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"Home in the Morning" by Mary Glickman

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“Home in the Morning” reminds us that an excellent fiction can come from a close observation of human lives caught in the swirl and tide of grand social upheaval. Against the backdrop of the civil rights movement in Mississippi in the 1960s, we encounter the lives of four people: two married couples, one white and one Negro. Their lives twine together, try to fray apart for a time, and begin to knit back up by novel’s end.

Jackson Sassaport, a Jewish lawyer who grows up in Guilford, a satellite town of Mississippi’s capital, Jackson, forms the focus of this sweeping fiction. He falls rather hard as a teen for Katherine Marie, the beautiful black girl his own age who works as a servant in his home. He understands his love cannot be requited, and he learns that Katherine Marie has also become the love-focus of Bokay Cooper, a powerfully-built and God-fearing local black teen. Jackson and Bokay go back a long way themselves, and Jackson swallows his passion and supports the two in their effort to make a life together. When Jackson goes away to Yale he meets and falls in love with Stella, the charismatic and strong-willed princess of a powerful Boston merchant family.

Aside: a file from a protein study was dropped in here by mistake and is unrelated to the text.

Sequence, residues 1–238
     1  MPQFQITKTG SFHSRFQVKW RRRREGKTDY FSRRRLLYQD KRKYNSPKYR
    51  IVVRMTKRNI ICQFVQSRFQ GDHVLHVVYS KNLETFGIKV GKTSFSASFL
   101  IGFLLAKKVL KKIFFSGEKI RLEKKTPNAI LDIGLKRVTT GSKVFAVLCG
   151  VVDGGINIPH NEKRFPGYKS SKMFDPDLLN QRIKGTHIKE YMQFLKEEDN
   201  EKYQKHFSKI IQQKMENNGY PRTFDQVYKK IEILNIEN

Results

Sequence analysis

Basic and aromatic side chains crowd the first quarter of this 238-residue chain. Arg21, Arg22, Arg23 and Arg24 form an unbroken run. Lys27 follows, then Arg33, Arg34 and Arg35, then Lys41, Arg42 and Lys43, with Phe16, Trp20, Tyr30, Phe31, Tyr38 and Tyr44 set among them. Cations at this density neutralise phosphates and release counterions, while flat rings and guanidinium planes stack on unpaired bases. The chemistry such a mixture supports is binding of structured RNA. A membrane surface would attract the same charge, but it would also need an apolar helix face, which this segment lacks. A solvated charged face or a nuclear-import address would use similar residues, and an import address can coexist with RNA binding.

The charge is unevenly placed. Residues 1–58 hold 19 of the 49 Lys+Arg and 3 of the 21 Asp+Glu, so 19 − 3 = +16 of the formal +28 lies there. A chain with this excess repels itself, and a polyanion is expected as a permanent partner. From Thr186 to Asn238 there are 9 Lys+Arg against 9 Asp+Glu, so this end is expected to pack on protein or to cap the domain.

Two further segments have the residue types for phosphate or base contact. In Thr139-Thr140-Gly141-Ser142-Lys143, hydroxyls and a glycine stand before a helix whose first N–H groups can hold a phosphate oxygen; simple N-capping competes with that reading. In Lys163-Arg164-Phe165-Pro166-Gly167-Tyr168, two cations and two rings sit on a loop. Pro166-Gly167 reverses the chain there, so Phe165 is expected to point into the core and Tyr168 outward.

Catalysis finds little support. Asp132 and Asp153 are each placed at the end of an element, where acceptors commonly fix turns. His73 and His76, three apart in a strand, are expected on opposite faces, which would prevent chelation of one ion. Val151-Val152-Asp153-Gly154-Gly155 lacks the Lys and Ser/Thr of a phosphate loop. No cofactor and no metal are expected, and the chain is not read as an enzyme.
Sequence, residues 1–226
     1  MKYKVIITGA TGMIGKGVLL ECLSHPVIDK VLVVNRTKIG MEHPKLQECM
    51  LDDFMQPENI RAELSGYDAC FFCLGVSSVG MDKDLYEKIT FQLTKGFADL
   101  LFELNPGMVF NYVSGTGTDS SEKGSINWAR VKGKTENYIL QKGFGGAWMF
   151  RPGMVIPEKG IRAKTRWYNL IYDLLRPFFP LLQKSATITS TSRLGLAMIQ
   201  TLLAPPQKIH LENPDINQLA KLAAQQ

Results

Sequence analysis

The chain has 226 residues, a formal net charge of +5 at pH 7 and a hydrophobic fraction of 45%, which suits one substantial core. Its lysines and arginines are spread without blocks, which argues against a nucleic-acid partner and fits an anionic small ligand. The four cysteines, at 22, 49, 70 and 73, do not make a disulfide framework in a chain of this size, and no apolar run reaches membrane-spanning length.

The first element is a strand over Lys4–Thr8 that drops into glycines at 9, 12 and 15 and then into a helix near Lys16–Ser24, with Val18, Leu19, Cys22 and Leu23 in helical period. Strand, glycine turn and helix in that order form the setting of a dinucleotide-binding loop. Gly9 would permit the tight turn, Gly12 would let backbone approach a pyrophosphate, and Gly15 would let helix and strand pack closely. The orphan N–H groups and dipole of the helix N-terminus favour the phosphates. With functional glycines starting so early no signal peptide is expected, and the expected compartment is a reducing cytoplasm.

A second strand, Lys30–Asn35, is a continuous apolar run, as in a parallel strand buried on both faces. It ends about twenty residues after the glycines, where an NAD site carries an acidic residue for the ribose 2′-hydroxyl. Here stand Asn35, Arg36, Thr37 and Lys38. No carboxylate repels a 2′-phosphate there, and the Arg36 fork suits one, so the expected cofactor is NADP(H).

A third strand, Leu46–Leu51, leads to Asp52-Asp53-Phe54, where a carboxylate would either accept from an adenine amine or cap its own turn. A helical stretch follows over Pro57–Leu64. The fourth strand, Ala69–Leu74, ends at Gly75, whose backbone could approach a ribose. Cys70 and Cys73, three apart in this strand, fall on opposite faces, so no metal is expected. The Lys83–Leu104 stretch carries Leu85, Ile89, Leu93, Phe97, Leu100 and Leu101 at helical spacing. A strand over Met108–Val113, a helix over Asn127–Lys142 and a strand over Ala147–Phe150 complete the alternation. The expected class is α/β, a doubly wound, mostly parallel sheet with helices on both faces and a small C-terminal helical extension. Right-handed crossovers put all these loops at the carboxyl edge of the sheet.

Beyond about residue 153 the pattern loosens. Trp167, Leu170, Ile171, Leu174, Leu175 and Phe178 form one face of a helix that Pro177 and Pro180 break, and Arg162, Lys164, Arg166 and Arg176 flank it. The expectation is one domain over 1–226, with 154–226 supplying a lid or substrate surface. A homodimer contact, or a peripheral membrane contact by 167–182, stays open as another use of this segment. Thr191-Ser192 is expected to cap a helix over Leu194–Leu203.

The energy and conflict derives from tumultuous race relations on the grand scale and from Jackson’s criminal younger brother on the small scale. Jackson’s brother, Bubba Ray, is rather derivative in my opinion: a spoiled, aggressive, lazy lout, who possesses and displays all the worst qualities of a bigoted Southern white. He commits the stereotypical proto-violence in the narrative, and this precipitates much if not all of the novel’s drama. Personal reactions to this violence border on overreaction in my view, but the resulting portraits wouldn’t be as clear or compelling without them.

These portraits are the book’s great strength. Jackson navigates his way through his life, barely keeping his women folk happy. Bokay Cooper morphs into the militant minister, Mombasa Cooper, victimized by his own following and his own folly. Stella and Katherine Marie, tied together by family, conflict, and political activism, stand together as the great striving duo, united at the end to everyone’s great relief and satisfaction, especially Jackson’s. Author Mary Glickman also instructs her readers in the cultural divide between the South, with its traditional manners, and “Yankeetown,” that generic Northern center of unheeding rudeness. The North is also shown as a hypocritical center of activism for civil rights, pursued from the safety of the rear echelon.

Read this book for the love that flows through it – it’s the love of an honest and wise author for her subject. It shows that the road of progress in race relations, with all its legal roadblocks and cultural landmines, can be followed to the promised land of harmony if the individuals are strong and determined enough.

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